2. Excellent- well written, well reasoned. Thanks Tim!

  3. Anonymous says:

    Tim,

    I have 4 scenarios/questions for you. Please answer with simple a “yes” or “no.” No further explanations necessary.

    1. A lesbian couple living next door to you is having trouble clearing their driveway of snow in order to get to work. You have some extra time, so you hop on over with your shovel and help. Would you?

    2. You meet a gay couple at the park with your kids. You find out they just moved into your neighborhood, so you invite them over for dinner to get to know them. Would you?

    3. Two college guys who are “partners” visit your church. You find out they are looking for housing and their funds are very limited. You and your wife have an extra, unused, bedroom in your home. You invite them to live in your house with your family for the semester, or until they can find an apartment. They would be using the same bedroom. Would you invite them to live with your family?

    4. You have now gotten to know the two guys from #3 (above) and they tell you they are getting married and want you to officiate the marriage ceremony. Would you officiate at their wedding? (note: this would be legal, as I understand it, in the state of NY)

    • Tim Owens says:

      1. Yes
      2. Yes
      3. No
      4. No

      While you didn’t ask for further explanation, I thought I’d offer some (if for nothing else for those who happen to read this far down):

      My life boils down to these simple motivations: love God and people at all times (which, admittedly, I don’t always accomplish). While I think I best show my love for God by how I love other people, I also do so by how I obey God.

      #’s1 and 2 are an easy yes: great opportunity to show love for people, and I’m not doing anything to disobey God.

      # 3 isn’t about same-sex, but about sex. I believe it’s wrong to have sex outside of marriage, so I wouldn’t want to actively provide someone with an opportunity to have any kind of sex outside of marriage. Since I wouldn’t provide a room for a guy and girl to stay together in my house, I wouldn’t for two guys/two girls either. Now, if they were willing to live in separate rooms? Then the answer, as far as this scenario goes, would be yes. (one quick aside, I believe I have a much greater degree of responsibility for the actions of people in my home than the business owner has for the people who use his/her services. Meaning, I believe the shop owner in the parable could also simply go about his business and provide the flowers without saying anything).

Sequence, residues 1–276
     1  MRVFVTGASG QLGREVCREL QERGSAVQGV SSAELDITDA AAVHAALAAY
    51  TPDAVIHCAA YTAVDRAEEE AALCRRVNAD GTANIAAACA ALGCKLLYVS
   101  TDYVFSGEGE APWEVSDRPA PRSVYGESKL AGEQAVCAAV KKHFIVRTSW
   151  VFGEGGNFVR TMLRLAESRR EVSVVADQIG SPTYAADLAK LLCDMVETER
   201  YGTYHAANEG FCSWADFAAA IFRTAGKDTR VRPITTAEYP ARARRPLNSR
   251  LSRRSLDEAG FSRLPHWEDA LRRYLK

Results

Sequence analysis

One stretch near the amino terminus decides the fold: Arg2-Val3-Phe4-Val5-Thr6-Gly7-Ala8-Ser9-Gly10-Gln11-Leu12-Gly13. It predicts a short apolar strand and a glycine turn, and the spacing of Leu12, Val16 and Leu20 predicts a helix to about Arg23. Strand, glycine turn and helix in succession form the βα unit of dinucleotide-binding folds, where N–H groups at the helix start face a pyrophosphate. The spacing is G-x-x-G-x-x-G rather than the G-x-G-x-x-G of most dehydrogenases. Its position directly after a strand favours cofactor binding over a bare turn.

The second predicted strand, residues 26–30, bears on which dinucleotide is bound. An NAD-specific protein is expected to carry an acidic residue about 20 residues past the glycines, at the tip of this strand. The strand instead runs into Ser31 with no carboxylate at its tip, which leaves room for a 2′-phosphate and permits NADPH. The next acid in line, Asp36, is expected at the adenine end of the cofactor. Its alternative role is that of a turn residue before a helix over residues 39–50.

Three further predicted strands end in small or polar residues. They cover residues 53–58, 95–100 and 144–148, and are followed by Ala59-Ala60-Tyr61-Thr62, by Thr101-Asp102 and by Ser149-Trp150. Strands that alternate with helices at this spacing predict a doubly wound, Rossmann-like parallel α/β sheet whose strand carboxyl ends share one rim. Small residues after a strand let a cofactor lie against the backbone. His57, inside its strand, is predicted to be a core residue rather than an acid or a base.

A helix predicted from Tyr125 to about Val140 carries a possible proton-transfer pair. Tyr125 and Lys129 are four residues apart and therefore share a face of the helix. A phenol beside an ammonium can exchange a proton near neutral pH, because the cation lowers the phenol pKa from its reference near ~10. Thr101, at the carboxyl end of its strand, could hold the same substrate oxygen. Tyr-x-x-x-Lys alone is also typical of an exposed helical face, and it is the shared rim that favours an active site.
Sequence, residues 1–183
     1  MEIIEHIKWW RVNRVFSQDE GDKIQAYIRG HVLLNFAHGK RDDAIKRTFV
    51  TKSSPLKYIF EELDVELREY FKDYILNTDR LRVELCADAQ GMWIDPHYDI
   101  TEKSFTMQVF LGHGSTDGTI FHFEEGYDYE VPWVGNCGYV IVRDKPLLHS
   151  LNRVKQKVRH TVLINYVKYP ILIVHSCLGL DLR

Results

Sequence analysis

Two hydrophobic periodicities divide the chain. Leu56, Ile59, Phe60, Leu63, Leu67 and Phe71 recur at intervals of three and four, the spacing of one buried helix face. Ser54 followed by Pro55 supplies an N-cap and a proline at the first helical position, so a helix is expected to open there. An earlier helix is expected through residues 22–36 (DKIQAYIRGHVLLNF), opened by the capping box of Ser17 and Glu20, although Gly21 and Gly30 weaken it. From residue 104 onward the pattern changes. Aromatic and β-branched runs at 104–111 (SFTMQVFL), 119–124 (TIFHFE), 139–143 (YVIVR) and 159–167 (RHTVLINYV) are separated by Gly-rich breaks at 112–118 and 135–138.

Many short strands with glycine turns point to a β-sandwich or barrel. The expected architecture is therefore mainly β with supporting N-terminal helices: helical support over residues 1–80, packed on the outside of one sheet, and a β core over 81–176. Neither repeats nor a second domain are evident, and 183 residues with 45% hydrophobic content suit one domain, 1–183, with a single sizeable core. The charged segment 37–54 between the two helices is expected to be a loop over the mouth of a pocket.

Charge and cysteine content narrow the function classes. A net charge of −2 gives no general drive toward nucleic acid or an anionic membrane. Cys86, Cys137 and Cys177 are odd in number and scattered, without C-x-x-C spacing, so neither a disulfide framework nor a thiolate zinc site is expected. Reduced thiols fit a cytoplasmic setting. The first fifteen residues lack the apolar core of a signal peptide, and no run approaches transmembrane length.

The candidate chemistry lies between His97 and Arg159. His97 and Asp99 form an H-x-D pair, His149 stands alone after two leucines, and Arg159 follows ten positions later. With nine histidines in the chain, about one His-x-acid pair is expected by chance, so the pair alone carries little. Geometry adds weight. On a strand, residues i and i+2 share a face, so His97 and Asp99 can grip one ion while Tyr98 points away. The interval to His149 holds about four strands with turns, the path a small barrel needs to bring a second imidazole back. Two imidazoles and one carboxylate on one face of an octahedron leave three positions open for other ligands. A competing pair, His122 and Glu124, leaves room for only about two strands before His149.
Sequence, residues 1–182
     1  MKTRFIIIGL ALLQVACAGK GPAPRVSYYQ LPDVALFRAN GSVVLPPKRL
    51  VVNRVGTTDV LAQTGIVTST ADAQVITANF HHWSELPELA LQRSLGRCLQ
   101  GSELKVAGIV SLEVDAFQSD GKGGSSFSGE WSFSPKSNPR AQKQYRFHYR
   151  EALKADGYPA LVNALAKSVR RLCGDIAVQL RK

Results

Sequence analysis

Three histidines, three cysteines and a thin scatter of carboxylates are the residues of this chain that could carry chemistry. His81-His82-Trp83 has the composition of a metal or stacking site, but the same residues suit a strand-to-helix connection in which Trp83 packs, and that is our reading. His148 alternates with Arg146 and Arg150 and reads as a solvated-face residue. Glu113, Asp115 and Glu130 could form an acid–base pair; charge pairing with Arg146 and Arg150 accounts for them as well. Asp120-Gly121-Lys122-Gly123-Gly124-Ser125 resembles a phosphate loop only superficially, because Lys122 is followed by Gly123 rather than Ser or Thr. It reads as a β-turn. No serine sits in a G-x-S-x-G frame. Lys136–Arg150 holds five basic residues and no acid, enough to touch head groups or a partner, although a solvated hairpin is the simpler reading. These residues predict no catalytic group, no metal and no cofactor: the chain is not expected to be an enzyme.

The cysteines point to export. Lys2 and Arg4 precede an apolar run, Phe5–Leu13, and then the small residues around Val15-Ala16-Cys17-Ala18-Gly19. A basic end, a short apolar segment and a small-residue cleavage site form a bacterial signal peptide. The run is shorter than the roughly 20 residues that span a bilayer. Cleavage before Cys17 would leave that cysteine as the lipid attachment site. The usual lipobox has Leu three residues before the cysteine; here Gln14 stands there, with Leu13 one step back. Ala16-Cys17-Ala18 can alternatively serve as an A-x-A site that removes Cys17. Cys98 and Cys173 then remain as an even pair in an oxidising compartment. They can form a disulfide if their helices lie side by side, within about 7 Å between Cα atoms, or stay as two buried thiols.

#4: there’s an inherent difference between all support services provided for a wedding and the service provided by the officiate. Namely, all other services are truly support–they don’t actually make the marriage real. The baker bakes a cake, the florist provides and arranges flowers, etc. But the officiate “makes” a marriage. (ie, “by the authority invested in me… I now pronounce you”). I believe same-sex marriage falls outside the design and will of God; in this case my desire to love God by obeying God supersedes what might feel more loving of the couple in question, which would be to help “make” their marriage.

      • Anonymous says:

        Tim,

        Thanks for your answers – and your explanations. I knew you would find it impossible to not elaborate! ☺ Kind of like sticking me in a room with a freshly tuned Steinway grand and telling me I could sit on the bench…but not touch the keys…

        As you know, John and I are professional musicians. We provide music for many, many weddings. (Sometimes we know the couple; often times a couple we have never met before hires us). As of now, we have not been asked to provide music for a same-sex wedding – which is not legal in WV.